Cross Checking the sound database with the french balance of commerce data
During the eighteenth century Europe set the cultural, political and economic conditions for its entry in the industrial era. While the role of international trade has been for a long time considered as a minor factor in the industrial revolution, the focus of economic history has changed somewhat during the last two decades. The emergence of a global perspective in economic history has led prominent scholars to account for the important role of international trade in the rise of Europe over other world regions 5 But whereas extra-European trade is comparatively well known and has been the object of recent syntheses,6intra-European trade has largely been neglected. The scarcity of works on foreign trade statistics of preindustrial times is all the more unfortunate as external trade flows are the single economic data that (some) early modern states have collected with the most care. Indeed, the first attempts at measuring foreign trade regularly can be dated back to the seventeenth century. From 1696 on, the English crown was able to collect a continuous series of customs data and release a yearly evaluation of the English balance of trade. The French royal administration created the Bureau de la balance du commerce in 1713. Its task was to produce a yearly document that detailed the French external trade and calculated its general balance. There was a pan European move towards a more extensive and better measurement of external trade throughout the eighteenth century, with various countries gathering the same data through their central administrations .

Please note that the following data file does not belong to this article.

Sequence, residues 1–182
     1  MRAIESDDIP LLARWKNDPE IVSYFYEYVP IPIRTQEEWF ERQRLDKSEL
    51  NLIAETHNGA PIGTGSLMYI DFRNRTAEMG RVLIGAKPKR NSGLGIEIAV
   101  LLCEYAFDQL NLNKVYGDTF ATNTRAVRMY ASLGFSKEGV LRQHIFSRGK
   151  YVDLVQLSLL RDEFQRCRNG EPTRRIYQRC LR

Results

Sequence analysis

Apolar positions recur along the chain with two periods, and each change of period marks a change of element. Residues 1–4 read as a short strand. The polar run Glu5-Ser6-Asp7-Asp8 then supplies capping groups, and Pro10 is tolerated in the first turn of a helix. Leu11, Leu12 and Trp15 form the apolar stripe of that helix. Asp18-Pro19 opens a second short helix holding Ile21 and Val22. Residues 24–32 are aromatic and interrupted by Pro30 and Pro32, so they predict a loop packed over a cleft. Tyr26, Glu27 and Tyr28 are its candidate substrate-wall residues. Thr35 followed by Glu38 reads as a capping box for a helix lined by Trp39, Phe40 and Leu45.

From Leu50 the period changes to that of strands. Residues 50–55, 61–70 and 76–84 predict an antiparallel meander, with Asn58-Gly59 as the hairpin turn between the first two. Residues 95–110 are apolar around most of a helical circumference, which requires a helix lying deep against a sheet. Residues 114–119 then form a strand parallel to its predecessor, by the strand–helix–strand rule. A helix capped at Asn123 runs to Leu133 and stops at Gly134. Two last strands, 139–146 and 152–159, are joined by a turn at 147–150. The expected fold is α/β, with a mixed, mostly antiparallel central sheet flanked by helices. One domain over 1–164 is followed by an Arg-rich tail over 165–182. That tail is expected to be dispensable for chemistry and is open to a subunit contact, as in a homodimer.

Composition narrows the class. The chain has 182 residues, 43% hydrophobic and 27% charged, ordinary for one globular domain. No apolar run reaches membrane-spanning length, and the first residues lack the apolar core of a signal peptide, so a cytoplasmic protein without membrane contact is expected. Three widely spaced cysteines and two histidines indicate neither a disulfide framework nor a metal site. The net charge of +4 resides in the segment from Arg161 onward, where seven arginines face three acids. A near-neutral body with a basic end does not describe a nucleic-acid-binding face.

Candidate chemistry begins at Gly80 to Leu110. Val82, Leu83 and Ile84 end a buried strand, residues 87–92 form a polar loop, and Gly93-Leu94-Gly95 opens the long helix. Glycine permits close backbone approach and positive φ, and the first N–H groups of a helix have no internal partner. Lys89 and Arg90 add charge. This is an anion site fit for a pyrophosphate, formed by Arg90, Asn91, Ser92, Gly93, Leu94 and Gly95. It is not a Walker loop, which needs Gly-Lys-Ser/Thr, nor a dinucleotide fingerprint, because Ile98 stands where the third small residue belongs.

(This abstract was borrowed from another version of this item.)
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